In his book “Christian Love Buddhist Wisdom”, Albert Low introduces a new way to look at religion.
Why has religion been, and is still, such a pervasive, and for some an all-consuming influence throughout human history? Dawkins tries to explain this but he arrives at some very lame conclusions. He would have us believe that, one way or another religion is useful in the struggle for existence. He suggests, for example, that religion might be “a placebo that prolongs life by reducing stress.” Elsewhere he says that it is a by-product of something else. “The religious behavior may be a misfiring, an unfortunate by-product of an underlying propensity which in other circumstances is, or once was, useful.” Later he wonders, “Could irrational religion be a by-product of the irrationality mechanisms that were originally built into the brain be selection for falling in love?” None of this is at all convincing as a way of explaining the religion of Gandhi, Albert Schweitzer, Mother Theresa or the many other spiritual luminaries that have lit up our world.
Dawkins’ and other similar explanations, including the rather radical ideas of a God gene or of a God module of the brain, all assume that religion is homogenous and that the question of its origin can be reduced to a reductionist ‘nothing but.’ They believe that if one were to ask, say, the German mystic Meister Eckhart and Jerry Falwell, what they mean by religion they would say more or less the same thing. But of course, far from being homogenous, religion is like a diamond with many facets. The Hindus are well aware of this and recognize a number of different kinds of yogas or religions: raja, jnana, bhakti, hatha and laya yoga among others. The question, therefore, that one must ask before embarking on answering the question why religion is so widespread across all civilizations and societies, is what religion are we talking about?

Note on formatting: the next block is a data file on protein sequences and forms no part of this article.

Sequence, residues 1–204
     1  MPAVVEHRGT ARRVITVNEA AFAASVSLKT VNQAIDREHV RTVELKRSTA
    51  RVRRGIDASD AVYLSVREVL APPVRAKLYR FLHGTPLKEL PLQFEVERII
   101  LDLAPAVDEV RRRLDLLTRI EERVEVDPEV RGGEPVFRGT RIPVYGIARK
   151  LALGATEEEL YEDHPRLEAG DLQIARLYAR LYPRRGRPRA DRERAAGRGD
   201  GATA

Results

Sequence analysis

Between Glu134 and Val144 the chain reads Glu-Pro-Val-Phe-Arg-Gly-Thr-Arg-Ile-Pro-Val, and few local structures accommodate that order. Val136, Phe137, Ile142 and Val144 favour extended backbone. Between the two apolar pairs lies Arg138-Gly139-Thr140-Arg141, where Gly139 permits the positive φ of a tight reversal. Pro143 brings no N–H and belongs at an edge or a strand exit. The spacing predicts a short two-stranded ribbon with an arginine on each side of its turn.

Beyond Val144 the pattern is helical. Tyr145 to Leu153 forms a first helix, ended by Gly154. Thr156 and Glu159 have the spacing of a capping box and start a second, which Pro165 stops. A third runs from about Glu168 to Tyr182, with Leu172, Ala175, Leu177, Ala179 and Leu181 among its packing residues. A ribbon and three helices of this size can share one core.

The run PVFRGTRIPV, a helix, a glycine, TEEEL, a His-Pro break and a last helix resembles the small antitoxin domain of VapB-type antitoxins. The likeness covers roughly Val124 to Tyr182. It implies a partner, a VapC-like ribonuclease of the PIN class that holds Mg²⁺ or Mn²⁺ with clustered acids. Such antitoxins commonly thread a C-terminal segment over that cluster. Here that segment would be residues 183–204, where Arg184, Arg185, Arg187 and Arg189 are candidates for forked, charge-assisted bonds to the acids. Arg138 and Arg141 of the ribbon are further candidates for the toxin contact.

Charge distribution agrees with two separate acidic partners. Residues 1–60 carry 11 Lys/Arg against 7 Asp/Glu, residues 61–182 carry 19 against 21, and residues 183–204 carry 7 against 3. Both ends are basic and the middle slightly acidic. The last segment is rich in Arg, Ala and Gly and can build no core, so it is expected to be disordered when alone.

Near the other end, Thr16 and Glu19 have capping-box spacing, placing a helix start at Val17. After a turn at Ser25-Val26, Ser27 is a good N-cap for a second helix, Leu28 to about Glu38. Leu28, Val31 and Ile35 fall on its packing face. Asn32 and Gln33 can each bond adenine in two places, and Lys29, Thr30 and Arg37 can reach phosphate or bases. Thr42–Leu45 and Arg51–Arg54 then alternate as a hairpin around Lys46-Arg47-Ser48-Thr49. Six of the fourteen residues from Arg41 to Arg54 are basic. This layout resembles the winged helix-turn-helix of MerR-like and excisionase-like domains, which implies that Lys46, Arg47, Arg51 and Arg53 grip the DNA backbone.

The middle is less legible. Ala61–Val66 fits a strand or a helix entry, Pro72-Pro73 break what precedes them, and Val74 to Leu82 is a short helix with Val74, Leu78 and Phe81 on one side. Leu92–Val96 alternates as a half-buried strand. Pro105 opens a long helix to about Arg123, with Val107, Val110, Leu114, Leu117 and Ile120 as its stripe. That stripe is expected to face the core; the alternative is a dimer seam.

One way among many others, to distinguish among religions, is to see that two entirely different kinds of religions exist: a religion that takes the form of a set of beliefs centered on a unique dynamic center, and a religion that takes the form of a quest. Moreover, because most of the content of the beliefs that people hold is derived from the reports of those who have been engaged in the religious quest, a study of religion could well start with making a distinction between these two kinds of religion.
About Albert Low
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Published April 22, 2011
Religion & Spirituality, Law & Philosophy.